In 1965, futurist Alvin Toffler coined the term “future shock,” which he defined as the “the dizzying disorientation brought on by the premature arrival of the future.” Fifty years later, future shock is a reality for a great many of us, thanks to our fast-paced digital society.
Today massive privacy breaches make headlines on an almost daily basis, as the capacity for business and government to collect, combine and analyze personal information accelerates. Citizens are increasingly aware of the potential for their data to be misused or misplaced, and their knowledge is creating a palpable tension between technology and privacy management. But as challenging as data protection may be, I believe that privacy is a fundamental right—a right that can and must be secured. In our digital age, it’s essential to take a proactive, comprehensive approach to personal information protection.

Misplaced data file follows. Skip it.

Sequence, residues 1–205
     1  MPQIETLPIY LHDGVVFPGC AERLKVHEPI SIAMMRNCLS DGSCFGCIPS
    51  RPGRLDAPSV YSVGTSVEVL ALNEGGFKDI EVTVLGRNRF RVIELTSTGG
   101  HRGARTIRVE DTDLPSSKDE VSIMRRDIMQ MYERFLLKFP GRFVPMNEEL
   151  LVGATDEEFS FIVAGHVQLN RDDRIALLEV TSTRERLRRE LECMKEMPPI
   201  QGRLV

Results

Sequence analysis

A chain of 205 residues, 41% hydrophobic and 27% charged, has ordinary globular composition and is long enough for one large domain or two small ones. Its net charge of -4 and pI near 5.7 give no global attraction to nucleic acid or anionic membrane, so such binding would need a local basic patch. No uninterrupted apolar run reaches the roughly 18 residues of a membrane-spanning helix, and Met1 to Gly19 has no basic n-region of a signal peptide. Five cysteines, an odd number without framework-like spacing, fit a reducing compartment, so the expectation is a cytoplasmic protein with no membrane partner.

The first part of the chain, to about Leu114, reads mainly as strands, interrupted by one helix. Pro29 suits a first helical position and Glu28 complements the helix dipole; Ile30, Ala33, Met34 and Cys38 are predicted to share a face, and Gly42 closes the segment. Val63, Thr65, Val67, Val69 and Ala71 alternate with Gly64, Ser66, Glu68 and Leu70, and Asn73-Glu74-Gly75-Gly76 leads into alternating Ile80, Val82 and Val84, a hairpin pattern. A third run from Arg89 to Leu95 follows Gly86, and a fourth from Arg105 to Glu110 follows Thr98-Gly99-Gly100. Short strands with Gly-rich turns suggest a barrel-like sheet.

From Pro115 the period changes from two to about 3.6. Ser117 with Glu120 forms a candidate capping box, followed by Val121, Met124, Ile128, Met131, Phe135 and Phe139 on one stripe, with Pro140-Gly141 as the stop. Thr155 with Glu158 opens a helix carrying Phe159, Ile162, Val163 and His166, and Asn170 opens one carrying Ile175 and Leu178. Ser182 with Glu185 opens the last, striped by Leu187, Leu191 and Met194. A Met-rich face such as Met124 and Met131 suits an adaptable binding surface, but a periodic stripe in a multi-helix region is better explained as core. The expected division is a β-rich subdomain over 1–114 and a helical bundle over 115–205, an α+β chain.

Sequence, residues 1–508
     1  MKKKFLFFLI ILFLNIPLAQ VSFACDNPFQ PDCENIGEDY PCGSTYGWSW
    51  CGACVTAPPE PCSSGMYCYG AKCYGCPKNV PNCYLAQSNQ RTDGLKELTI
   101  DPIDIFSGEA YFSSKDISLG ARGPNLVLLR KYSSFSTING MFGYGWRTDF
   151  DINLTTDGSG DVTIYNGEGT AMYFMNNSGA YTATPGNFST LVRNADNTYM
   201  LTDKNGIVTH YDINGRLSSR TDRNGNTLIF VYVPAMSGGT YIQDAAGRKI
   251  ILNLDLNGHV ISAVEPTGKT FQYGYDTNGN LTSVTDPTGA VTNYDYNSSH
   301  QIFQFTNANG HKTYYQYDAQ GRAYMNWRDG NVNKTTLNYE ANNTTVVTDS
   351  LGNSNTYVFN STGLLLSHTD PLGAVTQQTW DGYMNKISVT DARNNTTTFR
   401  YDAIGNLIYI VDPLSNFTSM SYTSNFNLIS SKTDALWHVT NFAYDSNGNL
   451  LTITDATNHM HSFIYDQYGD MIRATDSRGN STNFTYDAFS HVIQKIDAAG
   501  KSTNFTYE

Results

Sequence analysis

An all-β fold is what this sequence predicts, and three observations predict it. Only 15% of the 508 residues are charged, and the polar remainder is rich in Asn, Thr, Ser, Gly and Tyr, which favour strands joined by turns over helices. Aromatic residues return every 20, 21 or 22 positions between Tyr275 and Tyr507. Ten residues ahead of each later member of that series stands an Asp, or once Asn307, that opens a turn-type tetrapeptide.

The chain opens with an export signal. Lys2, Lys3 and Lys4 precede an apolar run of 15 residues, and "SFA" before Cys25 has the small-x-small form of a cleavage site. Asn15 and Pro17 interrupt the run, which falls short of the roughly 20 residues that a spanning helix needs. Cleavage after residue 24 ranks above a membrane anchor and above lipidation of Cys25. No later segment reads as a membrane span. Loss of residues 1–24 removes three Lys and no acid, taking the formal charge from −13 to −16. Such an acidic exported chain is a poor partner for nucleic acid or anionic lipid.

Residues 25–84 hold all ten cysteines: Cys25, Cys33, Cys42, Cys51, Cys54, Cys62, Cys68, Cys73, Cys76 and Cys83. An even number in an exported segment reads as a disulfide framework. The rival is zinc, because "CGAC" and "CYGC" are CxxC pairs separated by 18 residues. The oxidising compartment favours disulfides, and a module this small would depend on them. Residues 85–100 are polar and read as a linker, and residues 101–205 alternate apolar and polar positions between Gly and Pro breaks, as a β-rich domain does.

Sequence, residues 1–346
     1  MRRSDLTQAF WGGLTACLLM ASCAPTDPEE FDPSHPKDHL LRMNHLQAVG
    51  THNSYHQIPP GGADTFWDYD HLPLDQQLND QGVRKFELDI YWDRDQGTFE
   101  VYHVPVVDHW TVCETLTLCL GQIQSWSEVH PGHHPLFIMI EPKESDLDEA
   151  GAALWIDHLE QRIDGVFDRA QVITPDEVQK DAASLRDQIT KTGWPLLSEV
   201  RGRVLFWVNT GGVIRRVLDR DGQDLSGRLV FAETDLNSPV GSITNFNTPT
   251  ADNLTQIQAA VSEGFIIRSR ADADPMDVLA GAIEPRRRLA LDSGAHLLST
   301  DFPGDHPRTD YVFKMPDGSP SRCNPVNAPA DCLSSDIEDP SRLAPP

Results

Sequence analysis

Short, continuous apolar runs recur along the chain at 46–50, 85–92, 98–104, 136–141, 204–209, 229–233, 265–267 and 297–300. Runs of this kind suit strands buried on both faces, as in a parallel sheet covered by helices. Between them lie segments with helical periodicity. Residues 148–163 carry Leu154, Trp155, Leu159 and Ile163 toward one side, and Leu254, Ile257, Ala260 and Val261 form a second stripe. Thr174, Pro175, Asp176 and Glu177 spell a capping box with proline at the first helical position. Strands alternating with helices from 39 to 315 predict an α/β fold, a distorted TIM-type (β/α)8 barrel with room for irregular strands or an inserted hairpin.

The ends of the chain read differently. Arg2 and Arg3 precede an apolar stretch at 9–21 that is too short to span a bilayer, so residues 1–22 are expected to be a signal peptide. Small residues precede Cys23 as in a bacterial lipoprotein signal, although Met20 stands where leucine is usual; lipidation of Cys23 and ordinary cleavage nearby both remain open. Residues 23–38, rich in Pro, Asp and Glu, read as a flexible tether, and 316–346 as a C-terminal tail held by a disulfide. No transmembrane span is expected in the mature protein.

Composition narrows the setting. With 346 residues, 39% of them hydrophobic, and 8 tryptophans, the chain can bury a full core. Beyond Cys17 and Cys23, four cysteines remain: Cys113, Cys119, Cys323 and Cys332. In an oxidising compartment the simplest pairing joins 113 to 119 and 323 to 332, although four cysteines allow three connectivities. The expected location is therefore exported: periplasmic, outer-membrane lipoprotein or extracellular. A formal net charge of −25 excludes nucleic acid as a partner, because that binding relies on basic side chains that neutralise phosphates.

Citizens and consumers need to trust that their personal data is protected, and governments and organizations need to build privacy protection into their products and protocols, to earn the loyalty and confidence of those they serve. We take a modern approach to regulation—moving from a complaints office to one that advises and reviews schemes and systems before agencies press “go.” We publish guidelines and, when it’s in the public interest, initiate systemic investigations and audits.
Another way the Office of the Information and Privacy Commissioner reaches out to those we serve is through educational opportunities. On November 12 and 13, 2015, my office is hosting “Privacy and Access 20/20: The Future of Privacy” with our partner, Reboot Communications. The conference will bring stakeholders from the public, private and non-profit sectors together at the Coast Coal Harbour Hotel for some thought-provoking, intellectual content from experts in industry, government, academic institutions and civil society. Some of the topics we will explore include youth privacy and cyberbullying, big data, wearable technologies, the connected car, privacy in the age of robotics and surveillance and national security.
Technology will continue to expand in ways we cannot yet imagine. But if we work together, we will find effective ways to protect privacy and enhance access to information, allowing us to embrace technology while reducing the impact of “future shock.”